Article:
A3. The biggest challenge faced by the RESCO players is that the state wise policies are unclear and loosely worded. Moreover, the lack of consistency for the recognition of RESCO in different states leaves the developer with limited states to focus on. To add to this, each state has its own set of policies when it comes to treatment of RESCO projects. For eg. in Gujarat companies with RESCO projects are not permitted for net metering, while other states in the country have no such restrictions. All these artificial barriers including the higher cost of net metering approvals, lack of streamlined online process that is put into place, lack of online features that automatically take the process offline thus delaying it, etc. hinder the interest of investors in this model.

Q4.Kindly enlighten on “Energy Storage as Game Changer” Technology & Cost Trends, Incentives, and Government Support needed

A4. We view energy storage primarily through two prisms, one is the opportunity of attaining a global edge in the production of energy storage devices and technologies while the other angle is the immediate application of energy storage.

  1. It’s a fact that energy storage is a technology of the near future. We will achieve large scale commercial viability within this decade. Currently, there is a need gap for a lot of research and development that needs to be done for energy storage to become commercially viable. India can take the global lead in encouraging innovation and provide a supportive policy regime for the set-up of the battery manufacturing industries across the country. It can become a key pillar of the “Make in India” initiative. This is an industry, wherein as a country, we should ensure global leadership before another country attains that edge.
  2. The largest consumer of energy storage devices will be the automobile sector. Globally, all of the large automobile manufacturers have announced the death of internal combustion engines with a focus to convert its entire production to EV by 2030.
  3. Energy storage will immensely help solar and wind convert to a firm power source, which will help address fluctuations in generation output, peaking power requirements and undesirable effects on the grid caused due to the increased weight of the infirm power in the energy mix. Storage can ensure excess generation during peak period is stored to deliver a stable output during non-peak periods. This will ensure a smooth flow in the grid.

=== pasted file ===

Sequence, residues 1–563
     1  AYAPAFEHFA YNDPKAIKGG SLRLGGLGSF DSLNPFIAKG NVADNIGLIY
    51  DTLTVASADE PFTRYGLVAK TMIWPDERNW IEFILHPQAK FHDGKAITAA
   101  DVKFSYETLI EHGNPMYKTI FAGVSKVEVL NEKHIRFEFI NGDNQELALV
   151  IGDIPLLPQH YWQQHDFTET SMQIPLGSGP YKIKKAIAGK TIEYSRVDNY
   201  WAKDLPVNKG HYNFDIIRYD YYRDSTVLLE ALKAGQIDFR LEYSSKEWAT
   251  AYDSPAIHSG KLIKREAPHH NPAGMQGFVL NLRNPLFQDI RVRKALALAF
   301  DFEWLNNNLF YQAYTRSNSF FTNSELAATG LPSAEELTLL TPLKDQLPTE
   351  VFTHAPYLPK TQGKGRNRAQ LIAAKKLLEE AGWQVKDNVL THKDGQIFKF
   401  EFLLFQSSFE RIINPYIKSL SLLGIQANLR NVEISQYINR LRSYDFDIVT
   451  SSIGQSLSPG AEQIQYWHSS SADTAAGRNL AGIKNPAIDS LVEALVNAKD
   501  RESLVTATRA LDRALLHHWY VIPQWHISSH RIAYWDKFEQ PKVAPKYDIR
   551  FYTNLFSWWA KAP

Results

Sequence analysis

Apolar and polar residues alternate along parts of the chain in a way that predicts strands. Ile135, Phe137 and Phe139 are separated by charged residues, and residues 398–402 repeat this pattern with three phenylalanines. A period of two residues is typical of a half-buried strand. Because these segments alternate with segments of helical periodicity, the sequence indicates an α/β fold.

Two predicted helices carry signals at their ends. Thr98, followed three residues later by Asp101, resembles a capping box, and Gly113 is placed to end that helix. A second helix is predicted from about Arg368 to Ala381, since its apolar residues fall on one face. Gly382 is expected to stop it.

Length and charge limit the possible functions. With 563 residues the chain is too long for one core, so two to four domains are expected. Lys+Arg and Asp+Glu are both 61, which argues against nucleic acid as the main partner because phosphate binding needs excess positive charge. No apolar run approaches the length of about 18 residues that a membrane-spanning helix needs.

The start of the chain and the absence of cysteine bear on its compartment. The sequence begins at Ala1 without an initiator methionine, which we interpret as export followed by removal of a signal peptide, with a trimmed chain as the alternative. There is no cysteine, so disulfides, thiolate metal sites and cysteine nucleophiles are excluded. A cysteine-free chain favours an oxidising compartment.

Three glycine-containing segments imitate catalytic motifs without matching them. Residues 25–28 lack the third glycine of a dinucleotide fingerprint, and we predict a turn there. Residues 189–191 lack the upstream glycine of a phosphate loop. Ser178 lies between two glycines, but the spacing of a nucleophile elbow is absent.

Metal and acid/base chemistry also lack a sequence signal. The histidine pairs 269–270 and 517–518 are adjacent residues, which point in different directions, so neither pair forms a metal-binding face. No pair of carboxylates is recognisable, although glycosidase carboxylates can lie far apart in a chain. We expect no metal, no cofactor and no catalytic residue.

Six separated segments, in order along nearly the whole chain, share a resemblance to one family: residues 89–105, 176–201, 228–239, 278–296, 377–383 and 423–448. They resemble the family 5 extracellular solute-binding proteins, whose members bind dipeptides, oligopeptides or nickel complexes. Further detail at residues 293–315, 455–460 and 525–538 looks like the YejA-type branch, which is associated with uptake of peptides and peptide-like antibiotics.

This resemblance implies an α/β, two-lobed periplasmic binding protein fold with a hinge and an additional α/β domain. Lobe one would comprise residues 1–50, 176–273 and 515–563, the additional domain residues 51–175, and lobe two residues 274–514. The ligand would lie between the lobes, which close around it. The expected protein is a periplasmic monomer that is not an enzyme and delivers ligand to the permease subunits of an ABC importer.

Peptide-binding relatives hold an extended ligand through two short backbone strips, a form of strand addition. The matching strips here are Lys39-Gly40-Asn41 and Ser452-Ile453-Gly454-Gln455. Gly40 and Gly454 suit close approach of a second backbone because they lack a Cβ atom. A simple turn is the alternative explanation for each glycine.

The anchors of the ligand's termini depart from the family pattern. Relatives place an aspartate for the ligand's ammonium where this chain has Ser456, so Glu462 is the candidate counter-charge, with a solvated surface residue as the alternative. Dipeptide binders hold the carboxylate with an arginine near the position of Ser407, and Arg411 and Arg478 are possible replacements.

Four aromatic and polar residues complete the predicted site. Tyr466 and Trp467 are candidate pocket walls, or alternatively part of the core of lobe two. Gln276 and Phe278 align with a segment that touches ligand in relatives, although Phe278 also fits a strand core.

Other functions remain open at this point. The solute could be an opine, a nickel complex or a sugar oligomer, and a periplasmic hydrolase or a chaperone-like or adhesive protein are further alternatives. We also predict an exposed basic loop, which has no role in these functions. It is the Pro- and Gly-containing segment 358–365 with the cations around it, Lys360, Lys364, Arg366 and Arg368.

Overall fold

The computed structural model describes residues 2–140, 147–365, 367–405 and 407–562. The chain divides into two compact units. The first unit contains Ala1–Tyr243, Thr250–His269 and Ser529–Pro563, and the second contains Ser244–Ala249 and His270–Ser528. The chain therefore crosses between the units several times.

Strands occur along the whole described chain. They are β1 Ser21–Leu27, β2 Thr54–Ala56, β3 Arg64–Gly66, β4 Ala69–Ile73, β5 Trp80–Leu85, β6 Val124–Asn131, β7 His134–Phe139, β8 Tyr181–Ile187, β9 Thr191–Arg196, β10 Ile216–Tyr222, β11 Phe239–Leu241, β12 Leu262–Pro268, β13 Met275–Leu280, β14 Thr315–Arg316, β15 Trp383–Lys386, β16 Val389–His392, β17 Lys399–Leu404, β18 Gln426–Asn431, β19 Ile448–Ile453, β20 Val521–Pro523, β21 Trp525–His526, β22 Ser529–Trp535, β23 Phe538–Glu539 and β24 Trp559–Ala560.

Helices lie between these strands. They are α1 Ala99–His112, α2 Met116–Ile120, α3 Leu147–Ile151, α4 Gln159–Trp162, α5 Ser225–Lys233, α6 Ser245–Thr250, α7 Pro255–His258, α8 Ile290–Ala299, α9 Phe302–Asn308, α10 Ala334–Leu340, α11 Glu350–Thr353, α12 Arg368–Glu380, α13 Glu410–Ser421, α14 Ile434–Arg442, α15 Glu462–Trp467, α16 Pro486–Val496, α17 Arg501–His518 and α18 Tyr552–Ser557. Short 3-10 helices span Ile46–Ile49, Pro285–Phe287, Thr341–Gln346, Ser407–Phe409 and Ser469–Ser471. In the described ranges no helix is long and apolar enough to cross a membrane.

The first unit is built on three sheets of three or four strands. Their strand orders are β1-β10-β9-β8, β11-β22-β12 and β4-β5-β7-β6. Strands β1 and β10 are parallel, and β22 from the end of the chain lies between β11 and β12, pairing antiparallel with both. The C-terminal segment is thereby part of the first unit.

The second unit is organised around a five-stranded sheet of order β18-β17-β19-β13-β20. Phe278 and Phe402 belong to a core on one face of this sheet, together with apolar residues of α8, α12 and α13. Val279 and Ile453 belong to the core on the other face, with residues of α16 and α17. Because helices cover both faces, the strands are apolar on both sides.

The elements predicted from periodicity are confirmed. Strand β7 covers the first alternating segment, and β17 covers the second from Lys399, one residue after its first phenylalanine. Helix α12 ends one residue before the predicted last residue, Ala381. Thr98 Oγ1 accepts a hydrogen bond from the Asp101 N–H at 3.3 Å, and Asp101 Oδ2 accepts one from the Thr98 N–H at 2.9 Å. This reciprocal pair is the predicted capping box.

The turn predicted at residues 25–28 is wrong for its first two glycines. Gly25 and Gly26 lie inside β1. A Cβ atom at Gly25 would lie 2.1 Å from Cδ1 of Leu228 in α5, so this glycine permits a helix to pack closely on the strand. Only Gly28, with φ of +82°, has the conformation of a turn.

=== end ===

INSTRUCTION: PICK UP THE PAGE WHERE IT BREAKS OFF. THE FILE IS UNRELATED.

4. Energy storage will be a key element in micro-grids. Micro-grids are typically located in remote areas where the cost of delivering energy is very high. Storage will enable stability in a micro-grid and ensure efficient supply and availability.

 

Q5. The financial health of DISCOMS is a concern for Bankability of Solar Project. How to overcome this challenge OR What are the Financing challenges, PPA, Land, etc

A5.

 Source: Ministry of Power

83% of Indian state discoms have a credit rating below “Junk” status with only 7 state discoms commanding a credit rating of A or higher. The poor financial health of the discoms spills over to the entire power sector causing a burden on generators and consumers alike. Discoms are known to have an average payable of over 500 days to power generation companies. Hence, generators face large working capital requirements to service debt and other obligations inherently reducing their own financial viability. Given the poor credit rating of these discoms, banks are reluctant to discount the invoices raised thereby offering no alternative to the power generating company to rack up more debt. Hence, in order to improve the bankability of solar projects with discoms, we must ensure that the financial health of the discoms is restored over the medium term. In the short term, the involvement of IREDA, PTC, and REC should be looked at for discounting of invoices raised to discoms.

Q6. What are the expectations from RBI, Finance Ministry and MNRE for the betterment of financing of RESCO solar projects

A6. The biggest challenge faced by RESCO developers is that their PPA’s are not funded by the banks. Banks in today’s time are clearly more comfortable in supporting the top players to get bigger. While the smaller developers struggle to raise finance and are forced to put their savings as collaterals to get funds for these projects. The lack of support from banks and the burden of additional collateral along with lack of facilities like bill discounting, etc demotivates the retail investor to set foot in the renewable sector.

That being said, there needs to be a focus on the smaller developers. Thirty-eight GW of the forty GW envisioned is still to be set up in terms of rooftop solar. The reason for the slow pick up of this segment is lack of support and focus toward it. All the government has done is given subsidies which are not enough and that have clearly not worked in the developer’s favor. The only way rooftop can grow is through RESCO for commercial and industrial consumers. This is only possible if we allow certain leverage to the RESCO developers through either policies, financing or depreciation benefits.

Q7. In Private PPA market. What is your view on the PPA Risk and the way forward?

A7. I think the private PPA market is the best segment to be in today. The simple reason for this is that the investment per project is much smaller in comparison to the utility-scale projects. Hence, an investor can distribute his risk over multiple projects. RESCO provides a stable monthly cash flow for investors which is more prompt in comparison to the government payback time. Most importantly, for a private PPA to function there is a dire need of trust between both the parties. And with India being a high network and relations driven society it becomes easier for us to get a sense of the promoter’s credibility in the market. The policy risk is extremely low simply because we are not using the grid since the power is produced and consumed at the same time.  However, the purely commercial nature of these transactions carries a high counter-party risk i.e. one to one. And the only option to resolve it would be via court which can be a lengthy option.

Source: artha.group
Anand Gupta Editor - EQ Int'l Media Network